illustrated tablesetting with a plate containing a large lamb-leg roast resting on a puddle of blood

Lamb to the Slaughter

by Roald Dahl
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In "Lamb to the Slaughter," did Mary Maloney go to jail after killing her husband?

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The point of the story is that Mary gets away with the crime of murdering her husband. She does not go to jail. The police think she is innocent, even as they are eating the murder weapon she used, a frozen, and now cooked, leg of lamb.

The title of the story is ironic. A young and devoted wife—and one who also happens to be pregnant—discovers that her husband has been having an affair. He tells her he plans to divorce her. That would make her, Mary, the lamb to the slaughter, for "lamb to the slaughter" is a figurative phrase that describes an innocent victim.

Mary, however, takes a (leg of) lamb and literally uses it to slaughter her husband by hitting him on the back of the head with it. This is the real meaning of the title of the story.

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The ending makes it clear that Mary Maloney manages to commit the perfect murder by getting the police officers who visit the property to investigate themselves to dispose of the murder weapon. If you look at the ending, you see that the police officers actually eat the leg of lamb with which Mary killed her husband, and what is even more darkly ironic, they talk about the murder weapon whilst they eat it:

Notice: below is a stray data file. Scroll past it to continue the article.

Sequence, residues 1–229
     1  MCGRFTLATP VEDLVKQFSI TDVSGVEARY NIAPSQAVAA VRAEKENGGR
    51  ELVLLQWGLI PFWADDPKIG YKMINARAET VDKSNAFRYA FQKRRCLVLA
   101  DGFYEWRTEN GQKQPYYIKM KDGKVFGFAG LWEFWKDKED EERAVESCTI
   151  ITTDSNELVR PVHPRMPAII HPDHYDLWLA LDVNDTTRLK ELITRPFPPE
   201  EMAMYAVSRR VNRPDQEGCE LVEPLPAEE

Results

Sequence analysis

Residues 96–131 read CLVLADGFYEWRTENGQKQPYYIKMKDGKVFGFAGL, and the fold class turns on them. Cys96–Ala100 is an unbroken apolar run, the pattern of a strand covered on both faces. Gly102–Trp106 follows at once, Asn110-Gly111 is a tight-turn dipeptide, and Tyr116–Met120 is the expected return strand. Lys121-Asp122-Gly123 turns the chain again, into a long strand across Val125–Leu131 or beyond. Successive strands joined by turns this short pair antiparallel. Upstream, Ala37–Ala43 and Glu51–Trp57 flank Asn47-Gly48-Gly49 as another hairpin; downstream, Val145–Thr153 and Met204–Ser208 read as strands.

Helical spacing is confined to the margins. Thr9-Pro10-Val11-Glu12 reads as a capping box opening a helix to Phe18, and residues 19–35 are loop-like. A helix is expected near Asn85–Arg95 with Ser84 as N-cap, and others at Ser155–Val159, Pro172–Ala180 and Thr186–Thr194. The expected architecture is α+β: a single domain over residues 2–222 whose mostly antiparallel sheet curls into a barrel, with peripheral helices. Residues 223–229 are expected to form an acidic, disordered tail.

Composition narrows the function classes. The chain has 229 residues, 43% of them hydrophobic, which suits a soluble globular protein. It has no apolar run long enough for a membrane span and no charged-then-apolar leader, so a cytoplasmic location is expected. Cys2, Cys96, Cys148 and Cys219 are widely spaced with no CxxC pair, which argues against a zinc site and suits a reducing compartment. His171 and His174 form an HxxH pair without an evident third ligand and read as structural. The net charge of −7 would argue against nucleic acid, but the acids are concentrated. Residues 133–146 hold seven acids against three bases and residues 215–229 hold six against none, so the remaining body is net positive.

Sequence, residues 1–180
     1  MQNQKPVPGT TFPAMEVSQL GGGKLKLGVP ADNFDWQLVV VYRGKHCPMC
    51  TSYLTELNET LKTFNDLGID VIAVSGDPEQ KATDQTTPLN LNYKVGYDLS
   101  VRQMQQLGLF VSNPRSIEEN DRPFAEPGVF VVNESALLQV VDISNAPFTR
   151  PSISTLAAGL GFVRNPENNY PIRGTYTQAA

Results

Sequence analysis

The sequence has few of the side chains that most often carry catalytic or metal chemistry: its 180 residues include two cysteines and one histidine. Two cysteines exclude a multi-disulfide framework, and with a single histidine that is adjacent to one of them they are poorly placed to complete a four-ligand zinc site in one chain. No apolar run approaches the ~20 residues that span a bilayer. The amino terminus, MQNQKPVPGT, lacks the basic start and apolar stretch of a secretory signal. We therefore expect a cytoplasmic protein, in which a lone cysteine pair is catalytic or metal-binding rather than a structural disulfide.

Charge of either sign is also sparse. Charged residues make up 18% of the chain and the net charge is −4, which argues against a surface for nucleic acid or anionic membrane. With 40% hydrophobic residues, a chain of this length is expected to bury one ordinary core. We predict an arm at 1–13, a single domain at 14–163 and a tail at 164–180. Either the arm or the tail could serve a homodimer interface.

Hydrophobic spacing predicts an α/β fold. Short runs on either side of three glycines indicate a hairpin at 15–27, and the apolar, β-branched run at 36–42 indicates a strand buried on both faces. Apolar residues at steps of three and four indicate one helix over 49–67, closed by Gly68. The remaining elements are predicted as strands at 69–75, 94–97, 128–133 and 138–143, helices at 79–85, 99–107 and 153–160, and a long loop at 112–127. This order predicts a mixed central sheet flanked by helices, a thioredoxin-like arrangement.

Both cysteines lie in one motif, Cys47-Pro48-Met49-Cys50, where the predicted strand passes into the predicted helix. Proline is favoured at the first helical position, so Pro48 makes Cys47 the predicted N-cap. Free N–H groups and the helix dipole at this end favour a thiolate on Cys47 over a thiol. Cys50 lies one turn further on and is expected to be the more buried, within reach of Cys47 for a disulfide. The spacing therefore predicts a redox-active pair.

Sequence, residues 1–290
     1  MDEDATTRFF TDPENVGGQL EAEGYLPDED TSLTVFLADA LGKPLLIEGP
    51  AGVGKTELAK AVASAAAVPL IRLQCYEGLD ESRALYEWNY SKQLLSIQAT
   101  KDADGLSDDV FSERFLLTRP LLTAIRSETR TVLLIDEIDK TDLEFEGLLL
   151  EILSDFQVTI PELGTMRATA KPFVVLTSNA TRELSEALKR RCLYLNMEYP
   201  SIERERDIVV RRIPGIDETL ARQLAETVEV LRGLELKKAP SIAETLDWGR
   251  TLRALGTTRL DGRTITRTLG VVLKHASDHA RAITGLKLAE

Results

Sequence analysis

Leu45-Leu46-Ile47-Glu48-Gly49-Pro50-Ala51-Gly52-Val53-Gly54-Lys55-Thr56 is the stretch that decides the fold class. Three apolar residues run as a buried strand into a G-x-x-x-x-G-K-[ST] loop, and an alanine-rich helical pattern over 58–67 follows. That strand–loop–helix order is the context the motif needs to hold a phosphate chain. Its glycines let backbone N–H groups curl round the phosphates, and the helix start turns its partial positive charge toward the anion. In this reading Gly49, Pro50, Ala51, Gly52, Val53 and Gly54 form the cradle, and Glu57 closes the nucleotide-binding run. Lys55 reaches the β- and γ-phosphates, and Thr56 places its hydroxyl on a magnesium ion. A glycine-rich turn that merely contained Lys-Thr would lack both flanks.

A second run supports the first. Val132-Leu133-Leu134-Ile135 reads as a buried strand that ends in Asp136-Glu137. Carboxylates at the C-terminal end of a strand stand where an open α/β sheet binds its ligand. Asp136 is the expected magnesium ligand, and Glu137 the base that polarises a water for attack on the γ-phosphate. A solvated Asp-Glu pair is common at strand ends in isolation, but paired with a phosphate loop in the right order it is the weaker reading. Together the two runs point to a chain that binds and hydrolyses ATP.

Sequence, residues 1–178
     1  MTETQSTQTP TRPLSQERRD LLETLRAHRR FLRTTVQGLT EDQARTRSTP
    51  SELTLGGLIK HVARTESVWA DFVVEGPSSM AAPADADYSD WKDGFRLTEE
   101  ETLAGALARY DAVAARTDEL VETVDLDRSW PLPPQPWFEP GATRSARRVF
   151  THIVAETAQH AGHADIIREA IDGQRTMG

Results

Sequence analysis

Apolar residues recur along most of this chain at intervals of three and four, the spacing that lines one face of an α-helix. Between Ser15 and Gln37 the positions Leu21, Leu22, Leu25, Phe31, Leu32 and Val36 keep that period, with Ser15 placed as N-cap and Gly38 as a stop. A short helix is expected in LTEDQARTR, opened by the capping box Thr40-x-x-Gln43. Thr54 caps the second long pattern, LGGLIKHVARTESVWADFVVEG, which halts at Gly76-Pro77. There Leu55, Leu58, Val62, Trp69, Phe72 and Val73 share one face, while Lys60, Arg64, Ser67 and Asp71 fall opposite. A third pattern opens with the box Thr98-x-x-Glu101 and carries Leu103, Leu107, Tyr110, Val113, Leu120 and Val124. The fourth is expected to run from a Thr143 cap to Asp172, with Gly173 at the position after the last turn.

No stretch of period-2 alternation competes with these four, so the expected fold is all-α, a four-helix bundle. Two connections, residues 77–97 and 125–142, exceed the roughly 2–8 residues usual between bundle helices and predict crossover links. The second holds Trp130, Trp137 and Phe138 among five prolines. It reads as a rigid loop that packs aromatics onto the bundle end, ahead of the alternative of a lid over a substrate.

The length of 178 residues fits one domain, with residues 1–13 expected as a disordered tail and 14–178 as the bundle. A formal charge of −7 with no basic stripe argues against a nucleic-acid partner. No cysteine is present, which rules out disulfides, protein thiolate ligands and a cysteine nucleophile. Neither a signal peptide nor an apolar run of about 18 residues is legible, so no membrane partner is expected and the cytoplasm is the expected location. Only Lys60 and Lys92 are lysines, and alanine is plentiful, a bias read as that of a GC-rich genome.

One of them belched.

“Personally, I think it’s right here on the premises.”

“Probably right under our very noses.  What you think, Jack?”

And in the other room, Mary Maloney began to giggle.

This shows that Mary through her cunning has managed to kill her husband and use her knowledge as a policeman's wife to recognise how important it is to get rid of the murder weapon so it cannot be found or linked to her in any way. She has found the perfect way of doing this through cooking the leg of lamb and serving it to the officers. Her innocence and future, and that of her baby, is assured.

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